Isle Of Man / Ellan Vannin

Isle of Man housing owed £250K in rent

Social Care Minister Chris Robertshaw
Image caption Chris Robertshaw was questioned about rent arrears in the House of Keys

Almost quarter of a million pounds in rent is owed to housing authorities across the Isle of Man, according to official figures.

The statistics, which were revealed in the House of Keys on Tuesday, showed the rent arrears for the second quarter of 2012-2013 to be £244,799.

The amount is the total debt owed to all 16 Manx local authorities.

MHK David Quirk said: "I was shocked to see these figures, clearly there are people who need help with their debts."

He added: "If someone is having problems, there needs to be an intervention as soon as possible so we can help at the earliest stage, it shouldn't be allowed to go on for too long."

The highest debts can be seen in the larger boroughs of Douglas, (£91,430) and Onchan (£46,321), with the lowest in Braddan (£1,062) and Castletown (£1,719), the figures showed.

There are no rent arrears for the Castletown and Malew Elderly Person Housing Committee or the Cooil Roi Housing Committee.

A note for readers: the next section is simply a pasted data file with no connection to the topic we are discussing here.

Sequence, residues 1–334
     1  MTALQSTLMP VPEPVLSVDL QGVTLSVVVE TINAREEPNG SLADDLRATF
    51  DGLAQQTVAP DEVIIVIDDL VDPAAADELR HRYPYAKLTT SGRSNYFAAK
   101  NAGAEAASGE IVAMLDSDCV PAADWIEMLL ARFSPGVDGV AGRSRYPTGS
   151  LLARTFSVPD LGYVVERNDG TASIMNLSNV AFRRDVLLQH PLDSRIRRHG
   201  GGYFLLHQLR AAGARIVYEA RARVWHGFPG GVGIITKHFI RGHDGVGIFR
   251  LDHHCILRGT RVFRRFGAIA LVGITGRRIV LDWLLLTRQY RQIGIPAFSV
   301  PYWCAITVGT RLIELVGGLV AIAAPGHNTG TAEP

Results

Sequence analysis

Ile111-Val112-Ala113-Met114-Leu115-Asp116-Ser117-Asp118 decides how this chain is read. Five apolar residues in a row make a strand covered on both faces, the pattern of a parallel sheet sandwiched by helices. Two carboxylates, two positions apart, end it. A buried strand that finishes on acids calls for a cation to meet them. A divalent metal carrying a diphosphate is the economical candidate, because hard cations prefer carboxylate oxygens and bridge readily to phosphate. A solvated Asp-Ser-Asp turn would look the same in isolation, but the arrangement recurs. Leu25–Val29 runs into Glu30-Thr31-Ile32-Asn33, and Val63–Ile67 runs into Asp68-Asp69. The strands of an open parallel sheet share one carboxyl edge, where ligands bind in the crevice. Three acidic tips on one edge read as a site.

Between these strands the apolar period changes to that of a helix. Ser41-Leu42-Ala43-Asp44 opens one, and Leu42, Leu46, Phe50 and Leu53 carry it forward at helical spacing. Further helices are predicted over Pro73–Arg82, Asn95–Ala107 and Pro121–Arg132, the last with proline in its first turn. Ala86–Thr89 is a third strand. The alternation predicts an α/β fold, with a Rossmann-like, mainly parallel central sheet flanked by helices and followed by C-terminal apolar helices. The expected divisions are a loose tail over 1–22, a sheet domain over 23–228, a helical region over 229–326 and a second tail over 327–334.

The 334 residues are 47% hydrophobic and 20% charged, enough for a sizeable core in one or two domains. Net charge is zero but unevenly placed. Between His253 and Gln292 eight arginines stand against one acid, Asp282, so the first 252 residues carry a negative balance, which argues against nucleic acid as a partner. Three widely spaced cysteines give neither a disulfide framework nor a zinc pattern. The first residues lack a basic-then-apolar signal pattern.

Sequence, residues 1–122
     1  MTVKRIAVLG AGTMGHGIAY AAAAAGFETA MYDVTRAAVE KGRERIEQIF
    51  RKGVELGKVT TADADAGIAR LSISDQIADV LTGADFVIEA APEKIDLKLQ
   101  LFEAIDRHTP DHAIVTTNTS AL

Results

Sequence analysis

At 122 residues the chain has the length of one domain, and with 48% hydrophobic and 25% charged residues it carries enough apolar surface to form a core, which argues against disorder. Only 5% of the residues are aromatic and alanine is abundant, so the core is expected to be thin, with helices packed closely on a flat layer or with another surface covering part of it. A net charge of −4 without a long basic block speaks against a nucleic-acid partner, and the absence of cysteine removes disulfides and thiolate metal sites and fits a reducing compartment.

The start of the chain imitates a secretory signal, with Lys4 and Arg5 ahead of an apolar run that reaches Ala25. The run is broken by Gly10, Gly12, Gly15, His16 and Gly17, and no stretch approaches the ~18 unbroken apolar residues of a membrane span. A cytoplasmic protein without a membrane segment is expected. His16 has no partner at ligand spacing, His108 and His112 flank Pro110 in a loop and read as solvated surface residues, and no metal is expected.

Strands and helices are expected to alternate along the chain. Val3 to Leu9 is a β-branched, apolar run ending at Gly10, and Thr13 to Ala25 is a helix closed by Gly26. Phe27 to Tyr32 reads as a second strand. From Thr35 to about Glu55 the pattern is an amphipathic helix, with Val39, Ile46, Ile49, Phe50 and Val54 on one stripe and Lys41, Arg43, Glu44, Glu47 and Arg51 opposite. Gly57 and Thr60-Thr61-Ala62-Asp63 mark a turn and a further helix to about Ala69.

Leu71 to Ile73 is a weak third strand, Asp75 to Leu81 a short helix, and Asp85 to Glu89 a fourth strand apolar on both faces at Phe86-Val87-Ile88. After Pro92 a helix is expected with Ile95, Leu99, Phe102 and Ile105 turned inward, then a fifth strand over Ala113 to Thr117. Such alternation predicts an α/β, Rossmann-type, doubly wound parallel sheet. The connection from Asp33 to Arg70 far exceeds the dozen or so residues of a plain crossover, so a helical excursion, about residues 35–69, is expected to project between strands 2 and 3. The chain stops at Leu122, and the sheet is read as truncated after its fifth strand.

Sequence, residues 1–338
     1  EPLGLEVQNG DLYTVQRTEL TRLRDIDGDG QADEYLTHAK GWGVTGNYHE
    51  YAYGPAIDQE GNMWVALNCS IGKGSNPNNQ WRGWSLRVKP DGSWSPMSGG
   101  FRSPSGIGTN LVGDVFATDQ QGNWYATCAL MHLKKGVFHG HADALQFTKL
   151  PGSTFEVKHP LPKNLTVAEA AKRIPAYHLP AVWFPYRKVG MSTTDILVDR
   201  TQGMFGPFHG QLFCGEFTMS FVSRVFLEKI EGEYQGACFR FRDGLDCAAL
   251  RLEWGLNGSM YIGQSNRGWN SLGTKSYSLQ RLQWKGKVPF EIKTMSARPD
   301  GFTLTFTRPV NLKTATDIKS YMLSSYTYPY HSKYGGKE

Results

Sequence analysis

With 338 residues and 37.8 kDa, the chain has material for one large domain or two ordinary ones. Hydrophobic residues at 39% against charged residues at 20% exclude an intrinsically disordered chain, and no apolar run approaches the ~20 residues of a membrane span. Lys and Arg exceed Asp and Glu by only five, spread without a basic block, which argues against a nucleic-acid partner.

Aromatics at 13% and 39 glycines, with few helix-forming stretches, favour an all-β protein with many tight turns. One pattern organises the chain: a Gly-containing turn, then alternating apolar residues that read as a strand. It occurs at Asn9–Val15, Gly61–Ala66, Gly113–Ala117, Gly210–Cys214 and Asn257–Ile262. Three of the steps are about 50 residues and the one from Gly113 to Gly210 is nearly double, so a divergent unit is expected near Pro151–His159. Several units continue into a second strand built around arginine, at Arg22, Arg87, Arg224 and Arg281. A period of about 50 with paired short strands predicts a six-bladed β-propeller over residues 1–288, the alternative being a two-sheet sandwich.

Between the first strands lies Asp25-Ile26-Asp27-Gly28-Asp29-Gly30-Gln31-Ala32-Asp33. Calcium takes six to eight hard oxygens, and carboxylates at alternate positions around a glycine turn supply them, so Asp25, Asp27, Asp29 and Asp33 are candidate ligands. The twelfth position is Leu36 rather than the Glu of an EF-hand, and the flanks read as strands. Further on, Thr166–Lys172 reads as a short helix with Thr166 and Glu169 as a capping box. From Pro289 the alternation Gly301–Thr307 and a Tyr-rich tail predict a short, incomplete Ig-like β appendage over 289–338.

Not 'complacent'

Social Care Minister Chris Robertshaw said the timing of the report means the figures do not show the whole picture.

"The overall progression has been towards a reduction in the rent arrears rather than an increase - the way the system works means that the arrears are shown higher at this time of year than they will show at the end of the year - the last full year figures showed an overall reduction," he said.

"These figures are not disproportionate to those in the UK but nevertheless we are working hard on it as a housing authority.

"We are far from complacent, wherever we find unreasonable rent arrears we do take action, but this action has to go through a process - it's not quickly done."

The Department of Social Care announced on Monday that weekly rent for public sector homes will go up next April.

For the first time, it will be calculated according to the quality and size of the home.

An older three-bed house with a garden and off-road parking will see an increase of about £7 a week, while a similar new-build will go up by £16.

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